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NEWS
August 4, 2014
How would you like to receive a quarterly check from the federal government? Most taxpayers would surely be happy with such an arrangement. But here's the really good part: What if by accepting that check you were also helping your country reduce a form of air pollution that is a threat to human health and responsible for climate change while simultaneously developing a rational, sustainable energy policy? That sounds too good to be true, but remarkably, it may not be. Under The Healthy Climate and Family Security Act introduced last week by Maryland Rep. Chris Van Hollen, companies that drill for oil and gas or mine for coal would have to purchase through auction a permit to do so. Not a dime of the resulting revenue would be kept by the government but would simply be forwarded as checks to every man, woman and child.
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NEWS
By Robert B. Reich | July 30, 2014
"You shouldn't get to call yourself an American company only when you want a handout from the American taxpayers," President Obama said last week. He was referring to American corporations now busily acquiring foreign companies in order to become non-American, thereby reducing their U.S. tax bills. But the president might as well have been talking about all large American multinationals. Only about a fifth of IBM's worldwide employees are American, for example, and only 40 percent of GE's.
NEWS
By Patrick Cha | July 30, 2014
Maryland native Joseph Gantt joined the Army at 18, serving with distinction as a Sergeant First Class in the South Pacific during World War II, even though the military segregated him because of the color of his skin. Gantt had redeployed to the front lines of Korea in December 1950 as a field medic with the 2nd Infantry Division when his unit was overrun by enemy forces. Gantt was thrown into a prison camp and reportedly died there in March 1951. But his wife, Clara Gantt, refused to lose faith.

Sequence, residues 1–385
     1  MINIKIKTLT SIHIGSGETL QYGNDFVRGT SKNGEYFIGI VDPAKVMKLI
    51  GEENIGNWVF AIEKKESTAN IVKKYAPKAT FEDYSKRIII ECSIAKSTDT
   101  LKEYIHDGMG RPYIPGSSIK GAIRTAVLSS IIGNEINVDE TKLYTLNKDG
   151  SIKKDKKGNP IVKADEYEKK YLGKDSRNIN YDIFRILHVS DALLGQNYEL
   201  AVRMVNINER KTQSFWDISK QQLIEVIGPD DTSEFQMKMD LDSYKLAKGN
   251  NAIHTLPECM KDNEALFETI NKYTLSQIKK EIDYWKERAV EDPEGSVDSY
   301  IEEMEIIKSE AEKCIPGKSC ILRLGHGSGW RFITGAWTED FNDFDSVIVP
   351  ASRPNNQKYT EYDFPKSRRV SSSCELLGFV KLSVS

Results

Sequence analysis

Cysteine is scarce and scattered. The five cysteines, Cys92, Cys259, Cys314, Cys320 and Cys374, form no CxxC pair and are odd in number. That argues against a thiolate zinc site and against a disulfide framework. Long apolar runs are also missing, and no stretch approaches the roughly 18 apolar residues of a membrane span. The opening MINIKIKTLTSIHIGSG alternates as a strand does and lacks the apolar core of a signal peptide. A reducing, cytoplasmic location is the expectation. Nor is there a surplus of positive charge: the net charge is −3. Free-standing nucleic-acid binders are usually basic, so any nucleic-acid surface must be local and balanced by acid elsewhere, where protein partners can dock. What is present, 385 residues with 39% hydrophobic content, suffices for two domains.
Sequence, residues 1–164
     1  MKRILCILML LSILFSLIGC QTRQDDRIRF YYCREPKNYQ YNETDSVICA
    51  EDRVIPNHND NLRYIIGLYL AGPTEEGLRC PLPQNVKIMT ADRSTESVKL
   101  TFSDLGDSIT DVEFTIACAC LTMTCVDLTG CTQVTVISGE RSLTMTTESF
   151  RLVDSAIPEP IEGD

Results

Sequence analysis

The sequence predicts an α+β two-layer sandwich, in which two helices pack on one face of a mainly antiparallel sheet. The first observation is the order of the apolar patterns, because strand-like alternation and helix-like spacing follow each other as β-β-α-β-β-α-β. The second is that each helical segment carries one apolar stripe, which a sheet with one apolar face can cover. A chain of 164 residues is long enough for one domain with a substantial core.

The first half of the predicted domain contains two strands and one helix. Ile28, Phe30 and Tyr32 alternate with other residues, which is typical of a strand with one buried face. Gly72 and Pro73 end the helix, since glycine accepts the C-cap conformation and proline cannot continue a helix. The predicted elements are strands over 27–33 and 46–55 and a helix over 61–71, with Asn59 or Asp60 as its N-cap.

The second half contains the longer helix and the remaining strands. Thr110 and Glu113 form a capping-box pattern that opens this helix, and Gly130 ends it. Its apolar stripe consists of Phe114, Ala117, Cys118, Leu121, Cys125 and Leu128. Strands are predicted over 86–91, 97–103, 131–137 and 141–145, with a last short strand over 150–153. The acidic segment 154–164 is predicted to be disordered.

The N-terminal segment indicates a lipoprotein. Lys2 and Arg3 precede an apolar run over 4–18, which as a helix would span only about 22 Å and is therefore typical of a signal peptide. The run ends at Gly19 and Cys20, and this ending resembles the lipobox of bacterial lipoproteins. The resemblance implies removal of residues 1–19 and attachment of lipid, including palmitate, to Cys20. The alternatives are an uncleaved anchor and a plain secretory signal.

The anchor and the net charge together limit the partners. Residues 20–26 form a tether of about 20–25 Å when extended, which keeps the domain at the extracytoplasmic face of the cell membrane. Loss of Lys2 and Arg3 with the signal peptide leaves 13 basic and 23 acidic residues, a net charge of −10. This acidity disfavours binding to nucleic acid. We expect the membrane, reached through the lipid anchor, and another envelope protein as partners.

NEWS
By Peter Morici | July 29, 2014
The Labor Department is expected to report this week that the economy added 235,000 jobs in July, and the unemployment rate remained steady at 6.1 percent. But that hardly tells the story. The jobless rate may be down from its recession peak of 10 percent, but much of this results from adults - discouraged by the lack of decent job openings - having given up altogether. They are neither employed nor looking for work. Only about half of the drop in the adult participation rate may be attributed to the Baby Boom generation reaching retirement age. Lacking adequate resources to retire, a larger percentage of adults over 65 are working now than before the recession.
ENTERTAINMENT
By David Zurawik and The Baltimore Sun | July 28, 2014
If you want to understand the chaos that is now Iraq with ISIS on the rise and almost everything America thought it had built crashing down, don't miss Frontline's "Losing Iraq" at  10 tomorrow night on PBS. No one on TV has done better investigative and long-form journalism on Iraq than Frontline. Period. And Tuesday's "Losing Iraq" is a stunning catalog of American ignorance, arrogance, lies and senseless death and destruction. If you thought you were over George W. Bush, Dick Cheney and Don Rumsfeld, this will make you seethe all over again at them and publications like the New York Times, which let Team Bush sell its lies and lead thousands of young Americans to their deaths.